The David Weld Sanctuary, Nissequogue NY

      The Sanctuary offers a diverse habitat of trees, shrubs, ferns, wildflowers along with a variet of small animals and birds.  It is located on the north side of the Harbor Hill terminal moraine, and has over 1800 feet of beach and bluff frontage, a northern hardwood forest, a kettlehole community, a woodland swamp, and an overgrown field.  Among the vast array of trees is a tulip tree which is the tallest tree recorded on Long Island.  In the Sanctuary's northwest portion, a stream once flowed into the Long Island Sound, but is now blocked by a close growing stand of phragmites.  The moist woodlands are dominated by a red maple canopy, while young alders, spicebush, and viburnums compose the understory.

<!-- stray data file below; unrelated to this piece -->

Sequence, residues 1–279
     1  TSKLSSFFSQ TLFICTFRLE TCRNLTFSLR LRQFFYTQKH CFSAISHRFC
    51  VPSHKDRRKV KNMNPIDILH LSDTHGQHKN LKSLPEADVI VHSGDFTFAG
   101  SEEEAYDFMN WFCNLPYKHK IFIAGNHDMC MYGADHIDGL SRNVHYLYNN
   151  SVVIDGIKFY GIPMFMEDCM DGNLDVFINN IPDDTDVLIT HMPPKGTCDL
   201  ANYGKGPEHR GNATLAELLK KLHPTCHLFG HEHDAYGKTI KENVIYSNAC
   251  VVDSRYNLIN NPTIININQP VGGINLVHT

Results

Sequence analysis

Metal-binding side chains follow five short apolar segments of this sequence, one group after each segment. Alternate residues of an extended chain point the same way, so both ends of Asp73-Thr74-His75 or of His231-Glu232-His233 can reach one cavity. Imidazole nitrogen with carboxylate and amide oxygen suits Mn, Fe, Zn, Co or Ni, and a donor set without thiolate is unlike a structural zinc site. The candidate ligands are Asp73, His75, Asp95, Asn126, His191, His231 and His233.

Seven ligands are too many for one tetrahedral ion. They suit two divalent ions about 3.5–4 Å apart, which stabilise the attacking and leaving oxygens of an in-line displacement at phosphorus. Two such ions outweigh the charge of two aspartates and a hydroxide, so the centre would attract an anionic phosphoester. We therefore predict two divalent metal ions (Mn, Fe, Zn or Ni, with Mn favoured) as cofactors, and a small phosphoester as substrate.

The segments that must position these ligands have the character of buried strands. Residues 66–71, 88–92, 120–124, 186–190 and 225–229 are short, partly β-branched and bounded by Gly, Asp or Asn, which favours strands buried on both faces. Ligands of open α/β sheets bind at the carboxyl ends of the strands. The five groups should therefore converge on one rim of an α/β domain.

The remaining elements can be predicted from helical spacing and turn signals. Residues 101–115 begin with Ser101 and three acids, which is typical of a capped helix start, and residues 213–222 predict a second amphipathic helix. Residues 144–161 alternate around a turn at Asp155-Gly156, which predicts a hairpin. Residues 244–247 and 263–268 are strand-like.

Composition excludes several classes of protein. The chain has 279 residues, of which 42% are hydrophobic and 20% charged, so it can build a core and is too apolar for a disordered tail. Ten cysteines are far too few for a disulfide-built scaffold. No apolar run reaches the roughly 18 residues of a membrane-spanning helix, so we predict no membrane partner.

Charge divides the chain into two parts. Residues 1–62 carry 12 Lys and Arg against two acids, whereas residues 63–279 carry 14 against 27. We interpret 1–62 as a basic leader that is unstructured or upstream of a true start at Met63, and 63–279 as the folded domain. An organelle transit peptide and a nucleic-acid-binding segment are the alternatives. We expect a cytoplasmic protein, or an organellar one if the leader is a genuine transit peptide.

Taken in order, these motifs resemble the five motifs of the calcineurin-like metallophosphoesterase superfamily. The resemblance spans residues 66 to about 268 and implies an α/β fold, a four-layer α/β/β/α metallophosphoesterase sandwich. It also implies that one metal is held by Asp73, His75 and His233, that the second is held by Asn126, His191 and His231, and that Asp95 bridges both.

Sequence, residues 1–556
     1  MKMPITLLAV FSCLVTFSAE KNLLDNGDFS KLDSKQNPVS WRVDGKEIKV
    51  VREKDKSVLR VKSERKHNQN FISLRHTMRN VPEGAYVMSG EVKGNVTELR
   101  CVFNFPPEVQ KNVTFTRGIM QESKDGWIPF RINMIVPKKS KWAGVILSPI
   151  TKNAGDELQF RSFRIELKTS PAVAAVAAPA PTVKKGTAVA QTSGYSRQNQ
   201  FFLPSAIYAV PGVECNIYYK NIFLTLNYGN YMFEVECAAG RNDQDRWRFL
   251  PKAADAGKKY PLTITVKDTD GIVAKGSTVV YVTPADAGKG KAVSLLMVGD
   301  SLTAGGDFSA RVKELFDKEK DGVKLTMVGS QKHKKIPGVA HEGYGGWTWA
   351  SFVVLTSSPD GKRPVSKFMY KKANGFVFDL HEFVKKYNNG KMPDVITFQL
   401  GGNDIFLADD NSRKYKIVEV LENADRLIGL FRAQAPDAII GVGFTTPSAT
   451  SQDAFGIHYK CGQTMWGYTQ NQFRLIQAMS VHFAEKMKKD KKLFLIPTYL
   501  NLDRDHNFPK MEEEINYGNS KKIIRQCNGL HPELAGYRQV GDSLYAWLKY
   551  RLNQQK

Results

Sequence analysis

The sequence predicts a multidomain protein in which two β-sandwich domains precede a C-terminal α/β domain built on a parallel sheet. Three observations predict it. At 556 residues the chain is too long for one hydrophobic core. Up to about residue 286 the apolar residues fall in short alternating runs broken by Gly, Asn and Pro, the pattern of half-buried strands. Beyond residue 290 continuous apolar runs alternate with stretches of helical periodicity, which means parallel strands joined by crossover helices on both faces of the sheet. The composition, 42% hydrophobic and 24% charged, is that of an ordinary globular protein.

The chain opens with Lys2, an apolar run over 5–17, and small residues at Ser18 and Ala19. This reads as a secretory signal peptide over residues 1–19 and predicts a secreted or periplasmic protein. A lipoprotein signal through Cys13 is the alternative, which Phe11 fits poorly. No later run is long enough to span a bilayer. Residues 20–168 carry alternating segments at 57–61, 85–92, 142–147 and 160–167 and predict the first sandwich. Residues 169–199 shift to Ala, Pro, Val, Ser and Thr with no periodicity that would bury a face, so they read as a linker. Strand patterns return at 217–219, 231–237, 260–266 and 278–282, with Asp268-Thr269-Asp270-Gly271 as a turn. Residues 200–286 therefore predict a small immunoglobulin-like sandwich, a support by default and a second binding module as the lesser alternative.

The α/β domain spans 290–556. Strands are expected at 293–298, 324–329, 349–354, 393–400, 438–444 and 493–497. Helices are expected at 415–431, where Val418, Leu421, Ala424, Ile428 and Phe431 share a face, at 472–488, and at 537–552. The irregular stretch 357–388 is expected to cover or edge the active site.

The land was formerly a section of the famed Richard "Bull" Smith patent, the Sanctuary's one-time climax woods were cut down for pastuyre by a Smith descendent in the early 1900's.  The land was used for cattle grazing for the next 20 years until that practice was abandoned and the area left free for natural revegetation.  The land was then purchased in the early 1960's by Mr. & Mrs. David Weld.  In 1969 they donated 42 acres to the Nature Conservancy, plus 15 more acres in 1972.  Today the sanctuary is over 76 acres in size.

    The trails of the Sanctuary are open for hiking and observing wildlife from dusk to dawn, every day of the year.  Please disturb no plants or animals and please refrain from bringing pets. 

image04.jpg (124000 bytes)

A photo of the class atop one of the glacial erratics found along the shoreline. These erratics were brought to the area by glaciers some 20,000 years ago.



Link to a MAP of the WELD PRESERVE